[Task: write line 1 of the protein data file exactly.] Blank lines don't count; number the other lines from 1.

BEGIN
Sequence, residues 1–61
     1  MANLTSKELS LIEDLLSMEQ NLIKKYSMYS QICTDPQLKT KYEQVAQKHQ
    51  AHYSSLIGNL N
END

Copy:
Sequence, residues 1–61